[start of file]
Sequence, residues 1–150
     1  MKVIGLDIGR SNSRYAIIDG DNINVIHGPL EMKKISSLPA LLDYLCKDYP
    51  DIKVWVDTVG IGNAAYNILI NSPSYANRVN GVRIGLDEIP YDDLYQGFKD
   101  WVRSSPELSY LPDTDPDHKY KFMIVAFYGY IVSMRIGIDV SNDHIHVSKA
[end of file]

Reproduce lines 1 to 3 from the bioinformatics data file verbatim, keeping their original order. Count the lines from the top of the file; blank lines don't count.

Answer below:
Sequence, residues 1–150
     1  MKVIGLDIGR SNSRYAIIDG DNINVIHGPL EMKKISSLPA LLDYLCKDYP
    51  DIKVWVDTVG IGNAAYNILI NSPSYANRVN GVRIGLDEIP YDDLYQGFKD